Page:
New Import Requirements Aim to Protect Rabbits from Deadly Virus
NASHVILLE — Live domestic and wild rabbits, wild hares, and pikas have new requirements for import to Tennessee.
· No live domestic rabbits, wild hares, pikas, or other susceptible species may enter Tennessee from a premises or area that is under state or federal quarantine for RHDV2.
· If the animals are entering Tennessee from a state that had a confirmed case of RHDV2 within the past eight months, the animals must have a certificate of veterinary inspection issued by an accredited veterinarian within 72 hours of entering Tennessee.
RHDV2 does not affect humans or other animals. However, it is highly contagious and fatal to domestic rabbits, wild hares, and pikas. An infected animal may experience lethargy, decreased appetite, labored breathing, swelling, and internal bleeding. Sometimes the only sign of the virus is sudden death of the animal.
“It’s critical that we take steps immediately to keep RHDV2 out of Tennessee,” State Veterinarian Dr. Samantha Beaty said. “The virus is just beyond our border, creating a serious risk to the rabbits in our state.”
RHDV2 can be transmitted through direct contact with infected rabbits or carcasses, meat or fur, feces, bodily fluids, bedding material, feed and water bowls, and hay. The virus can remain in the environment for an extended time, even in extreme temperatures.
Rabbit owners are urged to increase biosecurity measures to protect their animals. Sudden deaths of domesticated rabbits should be reported to the state veterinarian’s office immediately. Questions about import requirements can also be directed to the office at 615-837-5120 or email@example.com.
Hunters should wear gloves and disinfect equipment and hands after field dressing wild rabbits. Meat from healthy animals is safe to eat if dressed and cooked properly. Dead wild rabbits should be reported to your Tennessee Wildlife Resources Agency regional office. Contact information can be found online at www.tn.gov/twra/contact-us.html.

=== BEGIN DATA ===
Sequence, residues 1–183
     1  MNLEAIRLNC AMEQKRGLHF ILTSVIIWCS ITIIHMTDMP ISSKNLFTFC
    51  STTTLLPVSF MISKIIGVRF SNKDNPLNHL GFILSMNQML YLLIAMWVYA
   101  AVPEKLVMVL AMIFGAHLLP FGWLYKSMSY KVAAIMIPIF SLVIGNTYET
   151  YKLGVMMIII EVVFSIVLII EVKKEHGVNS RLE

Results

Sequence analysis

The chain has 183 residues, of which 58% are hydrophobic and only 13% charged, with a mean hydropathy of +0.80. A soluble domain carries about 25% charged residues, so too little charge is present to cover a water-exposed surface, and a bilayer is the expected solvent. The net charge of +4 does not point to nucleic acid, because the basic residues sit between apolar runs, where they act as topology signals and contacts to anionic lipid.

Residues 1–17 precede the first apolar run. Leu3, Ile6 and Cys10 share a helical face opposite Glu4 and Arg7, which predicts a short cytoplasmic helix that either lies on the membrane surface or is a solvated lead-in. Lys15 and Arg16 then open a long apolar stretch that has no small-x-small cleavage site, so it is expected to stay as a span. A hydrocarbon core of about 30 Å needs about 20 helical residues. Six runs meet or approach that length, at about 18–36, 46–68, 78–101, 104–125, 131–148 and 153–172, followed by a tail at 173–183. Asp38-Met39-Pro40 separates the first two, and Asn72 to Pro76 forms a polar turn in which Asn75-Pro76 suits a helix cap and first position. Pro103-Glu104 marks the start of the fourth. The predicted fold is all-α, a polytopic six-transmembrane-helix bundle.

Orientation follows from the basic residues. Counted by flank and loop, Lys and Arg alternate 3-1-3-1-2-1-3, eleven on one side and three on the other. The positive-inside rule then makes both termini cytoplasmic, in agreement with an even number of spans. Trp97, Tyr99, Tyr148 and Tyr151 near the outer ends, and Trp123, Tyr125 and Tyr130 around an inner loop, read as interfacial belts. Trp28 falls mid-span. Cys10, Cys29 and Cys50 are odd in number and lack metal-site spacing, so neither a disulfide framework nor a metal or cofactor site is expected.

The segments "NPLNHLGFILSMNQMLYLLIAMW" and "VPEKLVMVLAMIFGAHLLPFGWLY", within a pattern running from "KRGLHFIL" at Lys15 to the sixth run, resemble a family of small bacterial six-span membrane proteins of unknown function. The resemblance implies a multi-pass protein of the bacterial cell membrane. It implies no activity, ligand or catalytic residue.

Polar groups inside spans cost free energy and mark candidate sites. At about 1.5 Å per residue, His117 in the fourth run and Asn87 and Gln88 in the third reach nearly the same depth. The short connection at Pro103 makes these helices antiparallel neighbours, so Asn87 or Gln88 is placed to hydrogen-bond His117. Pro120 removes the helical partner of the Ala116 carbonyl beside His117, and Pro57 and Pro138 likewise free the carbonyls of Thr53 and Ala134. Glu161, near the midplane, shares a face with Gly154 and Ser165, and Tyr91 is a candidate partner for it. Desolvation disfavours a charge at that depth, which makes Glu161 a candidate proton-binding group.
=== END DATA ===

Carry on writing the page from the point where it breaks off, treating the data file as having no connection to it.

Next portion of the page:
For the most current map of RHDV2 outbreaks, visit the USDA’s Animal and Plant Health Inspection Service website at www.aphis.usda.gov/aphis/maps/animal-health/rhd.
ORDER OF THE STATE VETERINARIAN
WHEREAS, the Tennessee Department of Agriculture was notified of the presence of Rabbit Hemorrhagic Disease Virus 2 (RHDV2) in domestic rabbits located within a 50-mile radius of Tennessee;
WHEREAS, RHDV2 is a highly contagious and often fatal foreign animal disease that affects domestic rabbits, wild hares, and pika;
WHEREAS, RHDV2 can be spread through contact with infected food, water, pests/scavengers, objects, and infected living rabbits, hares, and pika or their carcasses, meat, or fur;
WHEREAS, RHDV2 can persist in the environment for extended periods, making disease detection and quarantine imperative to the health and safety of the state’s rabbit, hare, and pika populations;
WHEREAS, the State Veterinarian is charged with ordering tests or vaccinations and regulating the importation of animals within or entering the state as necessary to protect the health of animals in Tennessee under Tenn. Code Ann. § 44-2-102;
NOW THEREFORE, I, Dr. Samantha Beaty, State Veterinarian and Assistant Commissioner for Animal Health, by virtue of the power and authority vested in me by the laws of the State of Tennessee, do hereby order and direct that, beginning April 5, 2021, and enduring until replaced by rule, the following import provision of health documentation and testing for RHDV2,
1. No live domestic rabbits, wild hares, pikas, or other susceptible species as determined by the State Veterinarian may enter Tennessee from a premises or area that is under an active state or federal quarantine for RHDV2;
2. No live domestic rabbits, wild hares, pikas, and other susceptible species as determined by the State Veterinarian may enter Tennessee from a state that has had a confirmed case of RHDV2 in the past 8 months unless accompanied by a certificate of veterinary inspection issued within 72 hours of entering the state that bears the following statement written and signed by an accredited veterinarian, “The animals represented on this health certificate are not exhibiting clinical signs and have not originated from a premises or area under quarantine for Rabbit Hemorrhagic Disease Virus 2.”
IT IS SO ORDERED.
Dr. Samantha Beaty, D.V.M.
State Veterinarian & Assistant Commissioner for Animal Health